Developing patient treatment plans is like buying a pair of jeans or choosing a vehicle – it's no one-size-fits-all approach, and brand matters.
You care for many patients. And, each one's condition, limitations, needs, and goals are different. You can't follow a cookie-cutter treatment plan and hope for the best. Customized treatment programs are typically the only way to achieve optimal health outcomes.
We recommend that same customized approach when choosing an Ankle-Foot Orthosis (AFO) as part of your patient's rehabilitation, recovery, and pain management plan. Various factors should impact your decision on whether an AFO will help, and if it will, which one works best for a specific patient.
An AFO is a device that improves patients' walking patterns by reducing, preventing, or limiting the lower leg and foot movement by supporting weak muscles. They help maintain joint alignment, accommodate deformity and reduce spasticity.
An AFO extends above the ankle to the top of the calf and is worn with shoes and socks. It is fastened at the lower leg, just above the ankle.
The device is sometimes considered medically necessary for patients with weakness or deformity of the foot and ankle and when the patient can benefit functionally from its use.
AFOs are best used to treat your patients struggling with disorders or diseases like:
- Ankle dorsiflexion (upward motion)
- Plantar Fasciitis (downward movement)
- Inversion and eversion (turning inward or outward)
- Spastic diplegia due to cerebral palsy
- Lower motor neuron weakness due to poliomyelitis
- Spastic hemiplegia with cerebral infarction
- Diabetic neuropathy
- Foot drop (commonly caused by ALS, multiple sclerosis, cerebral palsy)
- Foot/ankle contracture (unable to lift the top of the foot)
AFOs protect the injured area, help facilitate safe and comfortable healing of the heel, ankle, or foot, and aid in pain management.
What to Consider When Choosing an AFO
One of the biggest reasons AFOs are a valuable part of lower extremity care is because they are versatile enough to help with many different conditions. That versatility also means there is a diverse selection of AFOs for physicians and patients to choose from.
AFOs are available in several different formats, shapes, strengths, and sizes. Finding the right AFO for your patient's needs can be challenging but not impossible. We collaborate with healthcare professionals to provide resources and information that allow them to make the most educated decisions possible when choosing an AFO best suited for treatment.
Here are a few essential tips to consider when selecting the right AFO for your patient:
Size and Shape
Just like buying shoes or clothing, size, and shape matter when choosing an AFO. They are available in multiple formats. Some are thin and cover only a small part of the foot and ankle. Others are thicker and surround the entire ankle and foot.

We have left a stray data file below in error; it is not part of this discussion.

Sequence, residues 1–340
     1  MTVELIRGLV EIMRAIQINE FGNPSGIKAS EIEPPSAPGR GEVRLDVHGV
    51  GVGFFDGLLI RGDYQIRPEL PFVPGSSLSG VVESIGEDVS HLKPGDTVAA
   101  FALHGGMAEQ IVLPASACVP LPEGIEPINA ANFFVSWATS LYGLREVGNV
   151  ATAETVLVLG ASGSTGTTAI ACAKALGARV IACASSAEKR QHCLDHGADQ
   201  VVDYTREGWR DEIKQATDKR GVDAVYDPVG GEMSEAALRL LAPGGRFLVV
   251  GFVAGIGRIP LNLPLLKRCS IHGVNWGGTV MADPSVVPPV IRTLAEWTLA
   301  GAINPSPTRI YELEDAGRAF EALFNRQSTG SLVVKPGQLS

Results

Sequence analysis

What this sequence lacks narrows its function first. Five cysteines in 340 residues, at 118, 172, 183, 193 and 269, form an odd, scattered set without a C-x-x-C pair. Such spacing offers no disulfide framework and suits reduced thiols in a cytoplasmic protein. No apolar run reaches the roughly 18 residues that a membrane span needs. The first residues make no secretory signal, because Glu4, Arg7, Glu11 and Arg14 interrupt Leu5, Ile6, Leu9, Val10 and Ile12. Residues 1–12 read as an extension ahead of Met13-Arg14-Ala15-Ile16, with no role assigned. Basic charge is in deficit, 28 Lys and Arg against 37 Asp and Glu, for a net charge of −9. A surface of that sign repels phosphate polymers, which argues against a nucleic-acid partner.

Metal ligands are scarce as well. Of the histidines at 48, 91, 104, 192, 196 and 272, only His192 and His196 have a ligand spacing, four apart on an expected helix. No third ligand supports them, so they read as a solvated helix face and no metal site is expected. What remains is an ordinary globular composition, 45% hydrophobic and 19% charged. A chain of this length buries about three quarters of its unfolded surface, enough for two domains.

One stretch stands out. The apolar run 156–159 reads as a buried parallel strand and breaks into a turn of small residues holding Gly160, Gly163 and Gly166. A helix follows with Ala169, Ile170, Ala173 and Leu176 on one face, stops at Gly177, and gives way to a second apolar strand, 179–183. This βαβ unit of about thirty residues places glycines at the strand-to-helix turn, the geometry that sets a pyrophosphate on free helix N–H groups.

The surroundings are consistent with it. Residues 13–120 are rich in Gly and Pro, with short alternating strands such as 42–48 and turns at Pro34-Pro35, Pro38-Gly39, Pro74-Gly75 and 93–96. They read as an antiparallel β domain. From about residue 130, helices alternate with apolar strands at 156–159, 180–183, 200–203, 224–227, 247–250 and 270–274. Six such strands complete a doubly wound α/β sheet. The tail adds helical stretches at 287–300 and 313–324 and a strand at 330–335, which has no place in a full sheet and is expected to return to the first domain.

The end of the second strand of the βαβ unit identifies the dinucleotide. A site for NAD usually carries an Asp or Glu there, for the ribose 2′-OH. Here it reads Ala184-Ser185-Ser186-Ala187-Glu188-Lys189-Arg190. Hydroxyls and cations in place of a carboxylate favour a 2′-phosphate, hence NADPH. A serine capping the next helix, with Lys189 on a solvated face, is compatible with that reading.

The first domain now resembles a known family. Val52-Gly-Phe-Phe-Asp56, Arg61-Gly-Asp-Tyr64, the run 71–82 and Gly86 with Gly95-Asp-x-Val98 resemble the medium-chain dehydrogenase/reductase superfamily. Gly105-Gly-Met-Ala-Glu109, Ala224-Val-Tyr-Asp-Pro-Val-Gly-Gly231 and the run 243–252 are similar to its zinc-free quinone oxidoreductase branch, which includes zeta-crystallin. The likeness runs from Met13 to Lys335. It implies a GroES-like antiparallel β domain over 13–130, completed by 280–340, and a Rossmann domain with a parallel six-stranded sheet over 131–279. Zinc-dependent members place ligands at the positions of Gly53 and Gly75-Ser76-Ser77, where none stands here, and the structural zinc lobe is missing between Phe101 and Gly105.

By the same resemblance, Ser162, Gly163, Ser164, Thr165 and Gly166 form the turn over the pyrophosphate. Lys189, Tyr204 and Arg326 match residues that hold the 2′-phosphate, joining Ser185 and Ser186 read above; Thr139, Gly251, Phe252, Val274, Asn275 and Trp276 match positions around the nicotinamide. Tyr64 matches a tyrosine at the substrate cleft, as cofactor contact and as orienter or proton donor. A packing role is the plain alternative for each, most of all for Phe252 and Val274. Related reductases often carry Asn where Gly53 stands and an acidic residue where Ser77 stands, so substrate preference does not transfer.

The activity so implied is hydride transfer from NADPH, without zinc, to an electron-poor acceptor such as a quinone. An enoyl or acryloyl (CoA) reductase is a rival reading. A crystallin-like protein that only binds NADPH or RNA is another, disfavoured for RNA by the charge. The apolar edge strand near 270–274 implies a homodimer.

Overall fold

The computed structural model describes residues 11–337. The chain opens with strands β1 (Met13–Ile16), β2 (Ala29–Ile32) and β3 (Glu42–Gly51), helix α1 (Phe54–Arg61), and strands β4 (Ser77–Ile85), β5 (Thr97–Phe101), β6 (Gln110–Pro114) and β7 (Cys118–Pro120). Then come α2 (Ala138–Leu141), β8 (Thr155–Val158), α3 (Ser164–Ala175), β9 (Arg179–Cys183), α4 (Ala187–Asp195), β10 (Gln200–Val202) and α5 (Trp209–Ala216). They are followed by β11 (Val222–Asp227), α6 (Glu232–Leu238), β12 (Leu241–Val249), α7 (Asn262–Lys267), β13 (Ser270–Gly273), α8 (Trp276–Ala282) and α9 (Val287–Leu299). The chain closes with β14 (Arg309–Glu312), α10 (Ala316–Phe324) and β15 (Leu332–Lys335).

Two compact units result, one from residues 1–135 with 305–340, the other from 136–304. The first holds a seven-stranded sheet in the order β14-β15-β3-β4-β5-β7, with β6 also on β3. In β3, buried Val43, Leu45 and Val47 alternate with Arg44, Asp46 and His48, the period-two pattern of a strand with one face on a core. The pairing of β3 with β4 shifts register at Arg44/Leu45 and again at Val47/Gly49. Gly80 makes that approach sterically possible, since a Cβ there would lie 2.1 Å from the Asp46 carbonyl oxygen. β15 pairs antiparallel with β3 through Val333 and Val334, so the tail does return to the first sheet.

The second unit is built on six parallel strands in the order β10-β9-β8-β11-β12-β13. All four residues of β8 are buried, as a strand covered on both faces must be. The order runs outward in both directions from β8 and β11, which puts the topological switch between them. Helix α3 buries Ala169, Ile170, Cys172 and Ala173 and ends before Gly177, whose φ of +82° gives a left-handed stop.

Your patient's condition and needs will help determine which foot coverage is necessary. You'll want to address this point with your patient, their therapist, and other treatment team members before purchasing an AFO.
AFOs have different compositions; that is, they are made of different materials. Typically, basic AFOs are made from a durable but lightweight plastic that supports the foot while remaining light enough to allow easy mobility. These are designed to enable the patient to maintain as much mobility and independence as possible during recovery.
Other AFOs are constructed of thick fabric or metal that integrates with the plastic portions of the boot. These boots are usually slightly heavier than the lighter plastic ones but provide more foot coverage and protection for the patient. These AFOs sometimes work best for those with severe conditions and those with more lower body strength who may require a more robust AFO.
Shoe or No Shoe Usage
Most AFOs have one of two possible formats. In the first format, the boot is light and thin, allowing the patient to wear it with a regular walking shoe for rehabilitative purpose.
Other boots that surround the foot more extensively are designed to be both the supportive boot for ambulation and rest. Depending on your patient's condition, you may want to recommend one format over the other.
Maintenance and Replaceable Parts
Patients with AFOs use them almost round the clock. So, they must be very durable and able to stand up to normal wear and tear. But even the most well-constructed AFO will need to be maintained.
Part of keeping them in proper working condition means having access to replacement parts when needed. When choosing an AFO, make sure your patient can get replacement straps and clasps, which tend to experience the most wear. Also, some manufacturers offer other replacement parts or a new boot itself that can be purchased later. Recovery takes time, so your patient should be able to keep their AFO in constant working order by getting replacement parts when needed.
Choosing a Reputable Brand
There are many AFO manufacturers in the world. As a leading provider of prefabricated and custom-made medical devices for upper and lower extremity needs, Anatomical Concepts takes a multi-disciplinary treatment approach working directly with orthotists, physical therapists, and physicians.
We help them develop customized treatment plans, rehabilitation schedules, and bracing programs to solve complex biomechanical deficiencies. ACI offers a variety of AFO devices to treat many conditions and diseases.